WASHINGTON (Reuters) – U.S. consumer prices fell by the most in more than five years in March and further decreases are likely as the novel coronavirus outbreak suppresses demand for some goods and services, offsetting price increases related to shortages resulting from disruptions to the supply chain.
With the country virtually at a stand-still and the economy rapidly contracting as state and local governments adopt stiff measures to control the spread of COVID-19, the respiratory illness caused by the coronavirus, economists are predicting a period of disinflation or even outright deflation.
“The big concern right now is deflation,” said Gus Faucher, chief economist at PNC Financial in Pittsburgh. “Deflation is likely to take hold over the next few months as businesses slash prices in response to much lower demand from the coronavirus outbreak and associated restrictions on movement.”
The Labor Department said on Friday its consumer price index dropped 0.4% last month amid a tumble in the costs of gasoline, hotel accommodation, apparel and airline tickets. That was the biggest drop since January 2015 and followed a 0.1% gain in February. In the 12 months through March, the CPI rose 1.5% after increasing 2.3% in February.
Economists polled by Reuters had forecast the CPI dropping 0.3% in March and climbing 1.6% year-on-year.
The general price level decline is expected even as the Federal Reserve has adopted extraordinary measures to stop the economy’s free-fall. President Donald Trump last month signed a historic $2.3 trillion package to aid businesses and workers.
“The disinflationary impulse, along with the great disruption in economic and financial market activity, is a key reason why the Fed is unleashing vast new monetary policy stimulus,” said Gregory Daco, chief U.S. economist at Oxford Economics in New York.
Restaurants, bars and other social venues have been shuttered. Clothing retailers have also closed shop as have some manufacturers, while transportation has been drastically scaled back, leaving millions of Americans unemployed.
Fears of a sharp global recession and an oil price war between Saudi Arabia and Russia have led to a collapse in crude prices. This is expected to offset price increases caused by bottlenecks in the supply chain.
The widespread business closures impacted March’s CPI report, with data collection by personal visit suspended on March 16, the Labor Department said. It said data collection last month was also impacted “by the temporary closing or limited operations of certain types of establishments,” leading to “an increase in the number of prices being considered temporarily unavailable and imputed.”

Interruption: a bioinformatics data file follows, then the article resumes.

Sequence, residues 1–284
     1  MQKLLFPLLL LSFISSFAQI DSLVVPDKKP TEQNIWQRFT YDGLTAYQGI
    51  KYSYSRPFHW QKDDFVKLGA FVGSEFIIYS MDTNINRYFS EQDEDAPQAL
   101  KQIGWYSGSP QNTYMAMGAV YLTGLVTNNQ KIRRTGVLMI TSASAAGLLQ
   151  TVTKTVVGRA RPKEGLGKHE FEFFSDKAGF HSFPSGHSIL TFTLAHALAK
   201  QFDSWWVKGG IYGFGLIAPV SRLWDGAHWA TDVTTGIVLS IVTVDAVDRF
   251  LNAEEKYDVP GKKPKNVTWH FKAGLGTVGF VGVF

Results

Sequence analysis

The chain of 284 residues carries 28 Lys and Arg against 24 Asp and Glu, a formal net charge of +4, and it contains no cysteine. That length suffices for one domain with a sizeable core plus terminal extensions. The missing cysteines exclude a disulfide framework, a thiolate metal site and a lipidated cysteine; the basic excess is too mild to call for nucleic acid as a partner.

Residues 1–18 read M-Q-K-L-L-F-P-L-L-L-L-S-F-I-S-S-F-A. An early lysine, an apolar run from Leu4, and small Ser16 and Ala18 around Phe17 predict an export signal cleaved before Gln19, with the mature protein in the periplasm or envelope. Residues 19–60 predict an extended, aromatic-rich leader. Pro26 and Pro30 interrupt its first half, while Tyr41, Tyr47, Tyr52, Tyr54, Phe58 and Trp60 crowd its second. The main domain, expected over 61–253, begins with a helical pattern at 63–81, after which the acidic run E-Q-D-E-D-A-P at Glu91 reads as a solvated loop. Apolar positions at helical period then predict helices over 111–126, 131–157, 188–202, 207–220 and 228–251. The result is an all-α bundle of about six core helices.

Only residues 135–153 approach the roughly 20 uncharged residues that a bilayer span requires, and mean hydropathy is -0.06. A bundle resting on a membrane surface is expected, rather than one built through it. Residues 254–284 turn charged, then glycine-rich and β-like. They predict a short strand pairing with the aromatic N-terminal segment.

That resulted in many indexes being based on smaller amounts of collected prices than usual, and a small number of indexes that are normally published were not published in March.
The dollar was little changed against a basket of currencies. Wall Street and the U.S. Treasury market are closed for Good Friday.
SUBDUED UNDERLYING INFLATION
Excluding the volatile food and energy components, the CPI dipped 0.1% in March, the first drop since January 2010. The so-called core CPI had increased 0.2% for two straight months. Underlying inflation fell in March also as prices for new motor vehicles declined. In the 12 months through March, the core CPI rose 2.1% after increasing 2.4% in February.
The Fed tracks the core personal consumption expenditures (PCE) price index for its 2% inflation target.
The core PCE price index increased 1.8% on a year-on-year basis in February after rising 1.7% in January. It undershot its target in 2019. With some components in the producer price index report that feed into the core PCE price index weakening in March, economists expect inflation pulled back last month.
March’s core PCE price index data will be released at the end of the month. The closure of businesses could, however, impact the collection of inflation data in the coming months, making the reports unreliable.
In March, gasoline prices plunged 10.5%, the most since February 2016, after dropping 3.4% in February. Food prices rose 0.3% last month after surging 0.4% in February. Prices for food consumed at home increased 0.5%, matching February’s gain.
Owners’ equivalent rent of primary residence, which is what a homeowner would pay to rent or receive from renting a home, increased 0.3%. That followed a 0.2% gain in February. The cost of hotel and motel accommodation tumbled a record 7.7% last month. Airline fares dropped 12.6% last month, the biggest decline on record.
Healthcare costs rose 0.4% after edging up 0.1% in February.
Apparel prices dropped a record 2.0% last month after increasing 0.4% in February. New vehicle prices fell 0.4%, the largest drop since April 2018. But prices for used motor vehicles and trucks rose 0.8% after rebounding 0.4% in February.
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